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The Glittering Gold Dollar
By R.W. Julian

Collectors tend to think that the first coinage of a new denomination came soon after someone thought of the idea and persuaded Congress to create the necessary legislation. Sometimes this is true but the gold dollar is the exception. The first suggestion of a gold dollar seems to have been made by Treasury Secretary Alexander Hamilton in his report on a mint and coinage, presented to Congress in early 1791.

When Congress finally got around to preparing draft legislation for a coinage bill in late 1791, the gold dollar was quietly dropped from the list of suggested coins, probably on the grounds that two different dollar coins, one of silver and one of gold, were one too many. The silver dollar was thus chosen as our standard coin.

For several decades little was heard of a dollar gold coin but about 1832 North Carolina private coiner Christopher Bechtler began striking such coins for miners who brought gold to his mint. Coins of any kind were in short supply in the Old South and Bechtler was clearly filling a need.

The Bechtler coinage actually began in June 1831, during the presidency of Andrew Jackson, a hard-money man. In particular the president did not like the pervasive paper money, issued by private banks, that was seen almost everywhere.

In late June 1834 the weights of American gold coins were lowered by Congress in order to bring American gold in line with values on the international market. As the bill was being debated in the House of Representatives, Campbell White of New York amended the draft legislation on June 21 to include a gold dollar and his idea was quickly accepted.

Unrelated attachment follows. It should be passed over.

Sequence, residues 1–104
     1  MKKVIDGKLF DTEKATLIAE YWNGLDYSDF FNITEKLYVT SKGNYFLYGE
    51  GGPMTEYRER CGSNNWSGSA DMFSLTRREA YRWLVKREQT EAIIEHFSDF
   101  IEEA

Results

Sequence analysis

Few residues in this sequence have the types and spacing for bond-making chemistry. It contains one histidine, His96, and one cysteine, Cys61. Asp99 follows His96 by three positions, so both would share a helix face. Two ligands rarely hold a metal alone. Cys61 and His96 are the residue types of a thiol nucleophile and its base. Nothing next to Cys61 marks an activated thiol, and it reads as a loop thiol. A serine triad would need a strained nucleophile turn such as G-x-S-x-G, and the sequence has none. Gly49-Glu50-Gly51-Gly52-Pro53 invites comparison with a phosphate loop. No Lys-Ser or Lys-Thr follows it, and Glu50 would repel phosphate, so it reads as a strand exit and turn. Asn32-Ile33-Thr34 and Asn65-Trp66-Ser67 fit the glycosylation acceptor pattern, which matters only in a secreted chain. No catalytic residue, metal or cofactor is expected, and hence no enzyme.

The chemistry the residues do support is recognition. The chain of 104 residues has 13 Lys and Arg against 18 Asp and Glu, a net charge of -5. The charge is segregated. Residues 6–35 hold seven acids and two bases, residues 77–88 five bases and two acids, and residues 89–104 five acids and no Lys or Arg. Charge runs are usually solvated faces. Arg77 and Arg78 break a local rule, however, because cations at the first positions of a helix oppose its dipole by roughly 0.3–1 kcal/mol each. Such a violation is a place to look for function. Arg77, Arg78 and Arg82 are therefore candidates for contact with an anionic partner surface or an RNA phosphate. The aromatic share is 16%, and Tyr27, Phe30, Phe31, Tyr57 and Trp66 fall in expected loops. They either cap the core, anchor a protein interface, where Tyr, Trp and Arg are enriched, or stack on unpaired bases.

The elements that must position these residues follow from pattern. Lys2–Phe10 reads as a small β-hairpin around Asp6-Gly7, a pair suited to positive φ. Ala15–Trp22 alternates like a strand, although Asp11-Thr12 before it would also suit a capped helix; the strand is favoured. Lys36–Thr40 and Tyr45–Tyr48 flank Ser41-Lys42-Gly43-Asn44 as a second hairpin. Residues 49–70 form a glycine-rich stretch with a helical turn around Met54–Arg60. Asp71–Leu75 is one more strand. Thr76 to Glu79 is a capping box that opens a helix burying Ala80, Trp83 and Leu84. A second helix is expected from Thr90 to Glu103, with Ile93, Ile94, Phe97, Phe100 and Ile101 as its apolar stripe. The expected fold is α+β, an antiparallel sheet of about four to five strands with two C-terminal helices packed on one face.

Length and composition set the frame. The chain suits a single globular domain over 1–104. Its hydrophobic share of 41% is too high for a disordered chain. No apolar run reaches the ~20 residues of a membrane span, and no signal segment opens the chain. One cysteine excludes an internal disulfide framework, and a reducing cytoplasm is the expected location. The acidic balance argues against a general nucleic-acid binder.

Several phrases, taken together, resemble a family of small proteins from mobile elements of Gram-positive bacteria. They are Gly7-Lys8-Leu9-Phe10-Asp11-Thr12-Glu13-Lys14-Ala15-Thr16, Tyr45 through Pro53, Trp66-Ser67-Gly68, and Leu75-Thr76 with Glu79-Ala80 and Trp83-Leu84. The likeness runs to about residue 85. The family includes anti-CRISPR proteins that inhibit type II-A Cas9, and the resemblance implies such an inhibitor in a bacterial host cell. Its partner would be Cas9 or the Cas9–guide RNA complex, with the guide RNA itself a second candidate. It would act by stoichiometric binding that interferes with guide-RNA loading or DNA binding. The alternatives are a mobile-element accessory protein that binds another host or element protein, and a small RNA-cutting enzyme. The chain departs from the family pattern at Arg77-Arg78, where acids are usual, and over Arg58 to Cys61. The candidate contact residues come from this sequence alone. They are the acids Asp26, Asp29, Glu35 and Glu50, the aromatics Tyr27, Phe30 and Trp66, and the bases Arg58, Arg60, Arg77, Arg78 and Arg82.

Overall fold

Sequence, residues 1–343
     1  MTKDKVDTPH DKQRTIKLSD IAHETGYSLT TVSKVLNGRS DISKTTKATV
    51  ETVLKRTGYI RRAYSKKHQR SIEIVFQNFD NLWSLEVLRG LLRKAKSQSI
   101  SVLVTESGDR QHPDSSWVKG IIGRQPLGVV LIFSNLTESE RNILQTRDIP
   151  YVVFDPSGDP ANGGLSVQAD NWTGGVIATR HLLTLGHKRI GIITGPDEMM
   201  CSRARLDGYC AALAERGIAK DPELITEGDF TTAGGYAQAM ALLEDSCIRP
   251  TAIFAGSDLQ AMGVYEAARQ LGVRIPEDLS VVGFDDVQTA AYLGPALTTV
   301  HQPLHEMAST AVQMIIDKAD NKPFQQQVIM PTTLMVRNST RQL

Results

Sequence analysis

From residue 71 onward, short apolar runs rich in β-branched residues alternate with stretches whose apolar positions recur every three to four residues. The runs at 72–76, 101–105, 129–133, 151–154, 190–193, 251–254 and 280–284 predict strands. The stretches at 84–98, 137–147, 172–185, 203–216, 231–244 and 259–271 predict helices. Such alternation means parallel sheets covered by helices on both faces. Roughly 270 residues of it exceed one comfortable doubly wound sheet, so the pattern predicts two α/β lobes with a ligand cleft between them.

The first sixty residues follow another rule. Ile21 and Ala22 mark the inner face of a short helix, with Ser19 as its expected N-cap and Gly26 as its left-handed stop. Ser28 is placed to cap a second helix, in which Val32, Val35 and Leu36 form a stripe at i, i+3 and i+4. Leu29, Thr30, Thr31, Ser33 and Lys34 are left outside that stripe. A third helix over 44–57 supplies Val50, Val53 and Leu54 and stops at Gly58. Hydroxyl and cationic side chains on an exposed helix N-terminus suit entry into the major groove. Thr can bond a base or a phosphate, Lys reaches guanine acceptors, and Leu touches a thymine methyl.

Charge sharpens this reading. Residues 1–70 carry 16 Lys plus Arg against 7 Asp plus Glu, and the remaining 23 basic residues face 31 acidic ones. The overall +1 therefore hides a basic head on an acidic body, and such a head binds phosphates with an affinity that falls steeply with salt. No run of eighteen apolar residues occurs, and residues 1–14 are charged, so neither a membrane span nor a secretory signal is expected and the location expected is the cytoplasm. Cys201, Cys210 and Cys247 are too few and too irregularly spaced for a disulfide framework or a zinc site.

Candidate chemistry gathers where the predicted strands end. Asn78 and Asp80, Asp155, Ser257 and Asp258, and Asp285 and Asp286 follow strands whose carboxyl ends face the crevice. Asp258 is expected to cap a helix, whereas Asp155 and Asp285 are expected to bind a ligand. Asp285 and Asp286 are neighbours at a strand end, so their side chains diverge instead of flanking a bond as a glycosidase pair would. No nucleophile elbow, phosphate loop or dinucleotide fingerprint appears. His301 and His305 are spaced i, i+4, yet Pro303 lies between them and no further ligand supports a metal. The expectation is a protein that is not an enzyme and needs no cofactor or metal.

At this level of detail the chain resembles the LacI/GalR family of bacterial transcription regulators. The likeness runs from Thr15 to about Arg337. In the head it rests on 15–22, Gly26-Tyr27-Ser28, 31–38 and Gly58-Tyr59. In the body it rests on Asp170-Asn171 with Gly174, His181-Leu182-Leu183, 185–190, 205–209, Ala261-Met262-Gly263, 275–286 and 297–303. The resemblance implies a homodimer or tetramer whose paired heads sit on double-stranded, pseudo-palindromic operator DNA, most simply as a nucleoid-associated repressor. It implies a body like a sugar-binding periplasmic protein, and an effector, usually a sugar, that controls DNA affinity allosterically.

When the bill got to the Senate, however, the gold dollar found itself being dropped from the legislation. The revised bill was sent to the House, which grudgingly approved the Senate version on June 28 and it was promptly signed into law by President Jackson.

There is little doubt that the president had asked White to introduce the gold dollar idea and was disappointed that it had failed. Jackson was not through promoting the idea, however, and Treasury Secretary Levi Woodbury, in his annual report of December 1834, made a strong presentation for the idea, noting that "A particular suggestion seemed proper is, that the one dollar gold coin, originally embraced in the late act, should be authorized."

Woodbury noted that other countries had small gold coins of roughly this size and thought it would be useful in the American marketplace. He thought that such a coin would help drive out of circulation the private bank notes of less than $5 in value. These were a thorn in the side of the Jackson Administration, which wanted gold and silver coins to have a much wider use in this country.

The idea of a gold dollar met with a chilly reception at the U.S. Mint in Philadelphia when Woodbury asked Director Samuel Moore in August 1834 to support the suggestion. For a time nothing was done but in July 1835 Moore was replaced as director by Dr. Robert M. Patterson, one of the most able men ever to hold that post. At first Patterson virtually ignored Woodbury's attempts to promote the dollar, replying that only insignificant and backward countries had gold coins that small.

In early 1836, however, Woodbury pulled rank and ordered gold dollar pattern dies executed by engraver Christian Gobrecht. In a relatively short time the dies were finished and pattern pieces struck for examination by Woodbury and the president. In the meantime, on Feb. 2, 1836, Rep. James Graham introduced the idea again. Graham, however, was soon embroiled in a dispute over a tainted election and was forced to sit out the ensuing discussions.